Doug Shaw on

Doug Shaw, HRExaminer Editorial Advisory Board Contributor

A lot of my best, most interesting and challenging work arises when I’m engaged with people looking to think, feel, and act differently in their work.

In recent years, and as a result of lots of practice, I observe that the need for us to be creative in our work is often focused on by the business world as a thinking process. Thinking creatively and differently is a necessary part of change, but what about how we feel, and how we act too?

People often struggle to talk about feelings at work, seeing them as something to be boxed up and left with security at the front door on the way in, and collected from lost property on the way out.

When it comes to taking action, people will often dream up big bold strategies, to which they harness grand intent, before applying the faerie dust of meaning and purpose. Often when we peek behind this visionary curtain, everything appears a bit ghostly. I can’t quite see the detail, everything is…specifically vague? Matthew Crawford writes about this notion of organizational opacity in his book ‘The Case For Working With Your Hands,’ asserting that vagueness has become intentional, in order to prevent people (typically those hierarchically senior enough to have architected the strategy) from actually being responsible for anything. How depressing.

So how might we take the good intent behind creative thinking, and activate it, and give it a better chance of becoming useful? I think one answer could lie in partnering creative thinking with creative practice, doing as well as thinking.

For example, I was working with a group of people recently who desired to come together and begin to imagine what the future of their workspace might look like, aesthetically, behaviourally, culturally. The group asked for help to create an inviting, encouraging environment for us to make as well as think. My part in this was simply to share a few basic principles of creative practice, invite folks to get making, then get out of the way. As a facilitator, I need to be clear about my role – whilst I am in the room and therefore a participant, I take care not to exert and impose undue influence. This post by Meg Peppin contains some excellent ideas about facilitation design. Before we got started in the room, I spoke about this with the people who hired me, because sometimes my apparent lack of guidance and direction can signal…a lack of interest? Far from it. What I’ve learned is that people are extremely capable, and too much guidance can quickly become patronizing. This process may feel uncomfortable at first, indeed one of my sponsors reflected this back to me, saying ‘when you made the invitation for people to get started – we worried, and wondered…will they?’ They did. Trust me, trust the process.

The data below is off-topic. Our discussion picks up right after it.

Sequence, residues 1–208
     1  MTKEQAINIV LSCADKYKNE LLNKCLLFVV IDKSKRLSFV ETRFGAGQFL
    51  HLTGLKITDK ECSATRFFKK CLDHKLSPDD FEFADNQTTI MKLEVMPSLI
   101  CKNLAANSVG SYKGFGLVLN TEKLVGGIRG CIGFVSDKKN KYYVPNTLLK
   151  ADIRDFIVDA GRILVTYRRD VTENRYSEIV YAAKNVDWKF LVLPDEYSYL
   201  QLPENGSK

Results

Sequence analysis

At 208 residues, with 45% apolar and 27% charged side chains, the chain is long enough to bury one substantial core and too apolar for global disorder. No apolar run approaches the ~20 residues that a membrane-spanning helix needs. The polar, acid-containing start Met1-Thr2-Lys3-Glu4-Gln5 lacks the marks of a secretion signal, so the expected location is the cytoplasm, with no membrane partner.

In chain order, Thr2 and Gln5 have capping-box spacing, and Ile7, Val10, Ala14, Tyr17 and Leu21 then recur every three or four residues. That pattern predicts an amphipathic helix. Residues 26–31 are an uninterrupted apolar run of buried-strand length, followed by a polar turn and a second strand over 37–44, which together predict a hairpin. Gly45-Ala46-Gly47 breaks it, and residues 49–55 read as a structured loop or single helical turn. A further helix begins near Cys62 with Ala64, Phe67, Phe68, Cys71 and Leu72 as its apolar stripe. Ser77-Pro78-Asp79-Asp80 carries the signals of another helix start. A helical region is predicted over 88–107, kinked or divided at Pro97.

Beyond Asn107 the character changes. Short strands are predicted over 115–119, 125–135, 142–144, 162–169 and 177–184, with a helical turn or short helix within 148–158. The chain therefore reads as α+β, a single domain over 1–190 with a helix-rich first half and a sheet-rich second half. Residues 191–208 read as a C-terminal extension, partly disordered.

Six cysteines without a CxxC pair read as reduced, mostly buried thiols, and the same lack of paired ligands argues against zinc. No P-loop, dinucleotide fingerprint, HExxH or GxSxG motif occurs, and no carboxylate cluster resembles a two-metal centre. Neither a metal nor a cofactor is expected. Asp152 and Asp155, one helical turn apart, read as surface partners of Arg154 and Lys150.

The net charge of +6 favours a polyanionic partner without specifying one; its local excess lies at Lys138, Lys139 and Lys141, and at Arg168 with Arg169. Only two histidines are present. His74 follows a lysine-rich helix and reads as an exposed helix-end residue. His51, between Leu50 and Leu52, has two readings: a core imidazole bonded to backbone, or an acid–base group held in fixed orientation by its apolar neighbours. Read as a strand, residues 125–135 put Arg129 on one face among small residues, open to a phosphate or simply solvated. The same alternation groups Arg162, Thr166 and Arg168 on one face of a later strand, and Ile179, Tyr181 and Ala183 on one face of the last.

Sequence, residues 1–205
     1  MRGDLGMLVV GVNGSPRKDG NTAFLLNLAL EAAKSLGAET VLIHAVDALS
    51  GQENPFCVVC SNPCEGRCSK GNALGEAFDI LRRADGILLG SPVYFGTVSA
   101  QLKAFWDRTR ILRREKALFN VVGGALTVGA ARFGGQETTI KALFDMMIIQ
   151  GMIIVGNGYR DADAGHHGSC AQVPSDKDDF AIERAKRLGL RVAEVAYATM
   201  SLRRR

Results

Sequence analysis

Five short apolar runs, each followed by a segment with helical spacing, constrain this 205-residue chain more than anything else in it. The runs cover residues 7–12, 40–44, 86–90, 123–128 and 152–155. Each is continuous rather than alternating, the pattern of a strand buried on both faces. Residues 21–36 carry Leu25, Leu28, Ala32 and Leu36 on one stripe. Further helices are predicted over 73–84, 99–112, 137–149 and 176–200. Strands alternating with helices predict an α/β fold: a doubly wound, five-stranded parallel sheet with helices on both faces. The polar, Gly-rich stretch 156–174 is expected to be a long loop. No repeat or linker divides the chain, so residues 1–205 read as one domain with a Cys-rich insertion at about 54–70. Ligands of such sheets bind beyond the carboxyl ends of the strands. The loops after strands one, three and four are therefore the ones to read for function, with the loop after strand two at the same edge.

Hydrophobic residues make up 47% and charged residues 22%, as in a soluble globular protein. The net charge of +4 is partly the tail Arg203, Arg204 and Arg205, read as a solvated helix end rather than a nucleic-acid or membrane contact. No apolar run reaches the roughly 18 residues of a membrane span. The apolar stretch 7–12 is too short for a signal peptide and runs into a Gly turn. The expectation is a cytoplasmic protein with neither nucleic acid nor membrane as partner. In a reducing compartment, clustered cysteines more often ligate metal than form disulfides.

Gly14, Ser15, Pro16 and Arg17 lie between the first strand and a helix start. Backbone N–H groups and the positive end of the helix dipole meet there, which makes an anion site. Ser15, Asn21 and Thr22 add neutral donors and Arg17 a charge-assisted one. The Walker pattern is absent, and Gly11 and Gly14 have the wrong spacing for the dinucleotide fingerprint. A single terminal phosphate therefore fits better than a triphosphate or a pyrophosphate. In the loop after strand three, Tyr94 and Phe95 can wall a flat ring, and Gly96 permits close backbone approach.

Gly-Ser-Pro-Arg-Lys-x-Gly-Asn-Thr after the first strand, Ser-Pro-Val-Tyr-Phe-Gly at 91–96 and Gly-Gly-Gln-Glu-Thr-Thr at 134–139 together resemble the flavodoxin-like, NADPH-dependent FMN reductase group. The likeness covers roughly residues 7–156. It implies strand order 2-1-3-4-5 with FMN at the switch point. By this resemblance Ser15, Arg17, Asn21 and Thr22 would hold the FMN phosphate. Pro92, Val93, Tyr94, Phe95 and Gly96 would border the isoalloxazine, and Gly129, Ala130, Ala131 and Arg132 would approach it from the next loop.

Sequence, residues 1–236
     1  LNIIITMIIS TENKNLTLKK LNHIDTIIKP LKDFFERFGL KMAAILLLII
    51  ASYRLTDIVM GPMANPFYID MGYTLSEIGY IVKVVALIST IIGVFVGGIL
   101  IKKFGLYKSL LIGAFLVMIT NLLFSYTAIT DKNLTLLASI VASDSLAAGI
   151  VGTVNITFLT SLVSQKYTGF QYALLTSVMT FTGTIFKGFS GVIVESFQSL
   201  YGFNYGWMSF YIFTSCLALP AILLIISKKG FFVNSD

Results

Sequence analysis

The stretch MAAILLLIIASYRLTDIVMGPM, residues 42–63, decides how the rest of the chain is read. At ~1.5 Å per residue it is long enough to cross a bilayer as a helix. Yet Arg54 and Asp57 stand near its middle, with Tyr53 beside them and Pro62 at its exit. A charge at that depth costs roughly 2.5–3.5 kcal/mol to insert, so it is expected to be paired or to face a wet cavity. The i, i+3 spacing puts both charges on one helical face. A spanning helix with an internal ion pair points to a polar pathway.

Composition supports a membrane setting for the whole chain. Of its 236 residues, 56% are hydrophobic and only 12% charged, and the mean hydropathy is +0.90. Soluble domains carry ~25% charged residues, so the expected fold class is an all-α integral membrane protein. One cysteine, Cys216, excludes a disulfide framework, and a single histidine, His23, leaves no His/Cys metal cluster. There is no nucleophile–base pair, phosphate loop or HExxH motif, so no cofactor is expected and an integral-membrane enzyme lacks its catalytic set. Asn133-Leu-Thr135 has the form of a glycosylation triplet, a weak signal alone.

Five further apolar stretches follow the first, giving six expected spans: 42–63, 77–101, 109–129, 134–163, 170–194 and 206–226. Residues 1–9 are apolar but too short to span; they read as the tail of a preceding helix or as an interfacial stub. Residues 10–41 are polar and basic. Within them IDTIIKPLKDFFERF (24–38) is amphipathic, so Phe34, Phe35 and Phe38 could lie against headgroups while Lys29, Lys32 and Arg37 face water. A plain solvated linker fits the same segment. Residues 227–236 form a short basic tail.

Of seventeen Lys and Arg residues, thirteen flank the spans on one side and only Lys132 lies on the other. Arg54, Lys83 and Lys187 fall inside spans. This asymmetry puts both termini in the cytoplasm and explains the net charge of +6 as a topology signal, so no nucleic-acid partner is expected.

As the day unfolded and people were asked to think about and discuss a series of workplace related questions – the art continued to flow. This was not prompted, people simply chose to continue to offer artistic interpretations into the mix.



I’m showing you visual representations here, and it’s worth noting the art of storytelling became a big part of the work too.

Afterwards the group reflected on what they’d done, and acknowledged the richness of the conversation, enhanced by feeling encouraged to bring creative practice to bear alongside creative thinking. For me – a part of the challenge is keeping the practice going, which is partly why I continue to love my ongoing free art project, despite it now being over 85 weeks old. Practice, practice, practice.

As a closing thought, I offer you this excellent piece by Rich Watkins called Dignity, Resilience, Vision: The Value In Creative Practice. Rich wrote this after a conversation with myself and several other RSA Fellows, and he asserts that the notion of creative practice in its own right is something we can all benefit from. I agree, and I’d love to hear about your creative practice, and how it shapes you.


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